As a Ukrainian journalist working as a consultant for Fox News, she told me she was so busy and tired covering the Russian invasion that she could barely open her eyes in the morning.
She sent me a selfie that showed her wearing a helmet and body armor and updated me on her whereabouts. During our last conversation, Sasha had just managed to leave the town of Irpin, devastated by Russian attacks. She told me she was lucky to get out of town safe and sound.
Despite the danger she faced, she cracked a few jokes and sent me memes because “you can’t get away with it without humor,” as she once said.
Nine days later, on March 14, Sasha, along with Irish cameraman Pierre Zakrzewski, were killed when their vehicle came under fire in a kyiv suburb. Fox News correspondent Benjamin Hall was also injured in the attack.
When I first learned of his death, I couldn’t muster my strength. In the first hours, disbelief washed over me.
I wanted to pick up the phone and call her.
My mind was telling me a story I wanted to hear: I called her, and she laughed into the speakerphone and told me that everyone had made a mistake. We were arranging for coffee, and she was telling me about another escape, another encounter with Russian bombing in her quest to do what journalists do – bring history to the world.
But then reality returned, and I knew silence was all I would get on the other end.
Then came the questions. People kept calling, asking if I knew Sasha, and I realized I didn’t have a single bad word to say about her. She was bright, beautiful, smart, funny Sasha, who made films and loved poetry and cinema. She was always on the lookout for the facts, boldly joining the Fox News team to report from the front lines.
It was always nice to spend time with her – to do business or to have a glass of wine. To be fair around her. She was only 24 years old.
Before that, I never understood how people write memorials to their loved ones, but now it seems like the only way out.
It seems vital to me to capture the memories I have of Sasha: the woman I worked with on musical projects, with whom I drank wine in our favorite bars; the friend who inevitably became what all Ukrainian journalists must become today: a war reporter. And because of the war, that light has now disappeared.
As surreal as it may seem, writing about my friend’s death is only the last writing I’ve written about this war. Much of my professional life as a journalist has been chronicling Russia’s attacks on my people. I co-founded Stop Fake, a fact-checking organization that was launched in 2014, when the war in Ukraine was still confined to the east. More recently, I’ve gone from reporting on Russian troop buildups along the Ukrainian border to covering the daily deluge of war.
And Ukrainian journalists, like their foreign colleagues, work hard every day – in an environment that is becoming increasingly hostile – to ensure that the world has a clear picture of what is happening here.
“It was professional, the bullets kept crashing into the car – they didn’t miss,” Ramsay said.
And while many brave reporters from around the world have come to report on the war, it’s personal for Ukrainian journalists. Many of us are learning in real time how to cover Russian forces destroying our beautiful homes, destroying our beautiful cities. How to cover Russian forces killing our friends.
This war has been going on for over a month now, and the terrifying, dreadful and sickening dances all around us. For Ukrainians, we’ve already had a front-row seat to over 800 hours of horror, with no end in sight. We don’t know when an attack will hit the places we love and remember – the cafes where we gathered with friends, the corners where we had our first kisses, or the parks where we played as children.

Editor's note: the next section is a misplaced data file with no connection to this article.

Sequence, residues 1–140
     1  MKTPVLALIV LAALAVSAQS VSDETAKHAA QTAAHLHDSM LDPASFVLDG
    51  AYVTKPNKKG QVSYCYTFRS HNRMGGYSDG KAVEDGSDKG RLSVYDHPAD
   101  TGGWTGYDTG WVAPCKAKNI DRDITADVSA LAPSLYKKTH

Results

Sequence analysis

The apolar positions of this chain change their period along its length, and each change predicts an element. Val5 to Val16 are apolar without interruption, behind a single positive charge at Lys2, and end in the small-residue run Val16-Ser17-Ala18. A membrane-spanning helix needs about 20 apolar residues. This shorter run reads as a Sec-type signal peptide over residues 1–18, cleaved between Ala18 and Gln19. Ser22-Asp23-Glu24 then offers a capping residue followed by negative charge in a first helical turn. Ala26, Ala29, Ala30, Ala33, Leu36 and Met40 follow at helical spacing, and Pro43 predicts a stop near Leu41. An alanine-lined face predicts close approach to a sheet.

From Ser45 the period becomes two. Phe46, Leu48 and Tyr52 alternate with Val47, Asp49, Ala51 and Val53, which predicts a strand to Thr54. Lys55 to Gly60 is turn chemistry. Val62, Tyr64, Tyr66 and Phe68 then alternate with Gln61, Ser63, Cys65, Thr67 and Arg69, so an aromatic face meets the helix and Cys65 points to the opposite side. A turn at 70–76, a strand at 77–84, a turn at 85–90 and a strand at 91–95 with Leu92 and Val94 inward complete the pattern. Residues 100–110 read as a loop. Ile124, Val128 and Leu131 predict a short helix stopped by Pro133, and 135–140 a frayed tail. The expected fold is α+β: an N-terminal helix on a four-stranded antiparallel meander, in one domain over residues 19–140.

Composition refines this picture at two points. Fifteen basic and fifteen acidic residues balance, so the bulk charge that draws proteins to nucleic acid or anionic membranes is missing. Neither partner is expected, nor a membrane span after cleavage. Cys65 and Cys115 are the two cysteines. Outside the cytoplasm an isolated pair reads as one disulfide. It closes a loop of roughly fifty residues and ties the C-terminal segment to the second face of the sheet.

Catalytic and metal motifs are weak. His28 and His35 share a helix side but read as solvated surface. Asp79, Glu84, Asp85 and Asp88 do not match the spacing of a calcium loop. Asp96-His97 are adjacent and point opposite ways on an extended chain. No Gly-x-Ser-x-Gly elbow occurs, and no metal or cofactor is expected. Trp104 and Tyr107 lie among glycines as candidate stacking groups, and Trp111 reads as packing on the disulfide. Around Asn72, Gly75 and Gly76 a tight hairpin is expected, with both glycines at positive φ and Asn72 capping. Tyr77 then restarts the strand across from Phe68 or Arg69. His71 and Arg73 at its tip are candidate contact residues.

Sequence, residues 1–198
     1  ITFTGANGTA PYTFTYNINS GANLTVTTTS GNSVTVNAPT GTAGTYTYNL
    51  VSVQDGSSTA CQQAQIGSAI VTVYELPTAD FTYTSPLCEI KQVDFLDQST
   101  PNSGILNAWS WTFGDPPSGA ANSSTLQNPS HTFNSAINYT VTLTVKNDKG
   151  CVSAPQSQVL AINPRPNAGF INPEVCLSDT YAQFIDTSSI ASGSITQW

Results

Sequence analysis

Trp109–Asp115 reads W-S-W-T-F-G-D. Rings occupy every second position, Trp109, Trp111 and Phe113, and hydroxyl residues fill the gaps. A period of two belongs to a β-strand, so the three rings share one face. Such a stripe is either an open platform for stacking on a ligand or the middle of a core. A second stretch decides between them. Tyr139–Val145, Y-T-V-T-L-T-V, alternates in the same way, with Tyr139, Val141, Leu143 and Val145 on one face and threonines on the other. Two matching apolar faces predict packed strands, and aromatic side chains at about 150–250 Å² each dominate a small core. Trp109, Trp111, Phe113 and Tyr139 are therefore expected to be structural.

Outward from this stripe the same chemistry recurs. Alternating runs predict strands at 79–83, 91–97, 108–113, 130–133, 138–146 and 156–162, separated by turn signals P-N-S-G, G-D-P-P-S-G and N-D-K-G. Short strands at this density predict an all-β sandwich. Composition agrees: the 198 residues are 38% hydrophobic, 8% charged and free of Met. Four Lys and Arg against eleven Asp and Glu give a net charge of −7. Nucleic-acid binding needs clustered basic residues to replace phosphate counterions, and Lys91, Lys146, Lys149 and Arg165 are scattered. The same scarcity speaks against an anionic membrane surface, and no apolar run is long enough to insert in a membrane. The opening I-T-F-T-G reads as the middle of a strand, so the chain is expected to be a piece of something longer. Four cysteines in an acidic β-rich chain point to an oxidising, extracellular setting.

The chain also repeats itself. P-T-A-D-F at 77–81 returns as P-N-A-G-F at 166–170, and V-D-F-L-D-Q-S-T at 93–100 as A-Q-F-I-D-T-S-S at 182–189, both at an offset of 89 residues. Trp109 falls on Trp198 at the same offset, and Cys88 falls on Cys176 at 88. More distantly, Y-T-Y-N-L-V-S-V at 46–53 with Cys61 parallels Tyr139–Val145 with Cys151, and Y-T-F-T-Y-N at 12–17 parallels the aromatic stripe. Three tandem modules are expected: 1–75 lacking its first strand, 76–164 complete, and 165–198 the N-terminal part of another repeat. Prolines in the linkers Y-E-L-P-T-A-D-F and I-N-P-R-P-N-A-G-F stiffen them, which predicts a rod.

We don’t know when the bombings will affect our loved ones, or when they will affect us.
All the scary stories and horror movies we once consumed now seem harmless, fading away in the presence of this true horror: what one human being can do to another.
In the weeks leading up to Sasha’s death, everything seemed surreal. That’s exactly what your brain does: it pretends that all of this isn’t quite real.
You know it. But you can’t believe it either. There is a threshold, and it protects you.
It’s like there’s a thin glass between you and this huge, overwhelming pain. It’s still there — you can see the wave of devastation, ready to swallow you, but it’s slightly distant. If you reach out, it’s almost like you can touch what’s really going on.
But the glass still holds him back and the overwhelming feelings stay at bay.
And it works pretty well.
Until the death of your loved one.
The denial is strong, like a thought so painful that my mind doesn’t allow itself to follow it through.
I know the rage will come too.
Somewhere there will be more sorrow.
And then acceptance will come.
But I know that the emptiness I feel – the emptiness where Sasha was – as well as the feeling that this should never have happened, neither here nor anywhere else – that feeling will never go away.
And for that I can never forgive – because not only did Sasha die, but that thin glass that protected me shattered.
My brain can no longer protect me. As if that could not protect all those who mourn their loved ones killed in this war that Russia has started in Ukraine.
I can’t bring Sasha back.
At the end of our last conversation, she told me how tired she was and that she just wanted some pancakes.
A little later she wrote: “You won’t believe. I came down for breakfast — and here they are! Pancakes! She wrote as she smiled like a happy child for the rest of the day.
When I heard that she had been killed, my first strange thought was: this place where she is right now – whether it’s heaven or Valhalla – better have some damn good pancakes.
Sasha died trying to show the world the truth about what happens every day in Ukraine. And while his job is done, it’s now up to us to keep the fight going.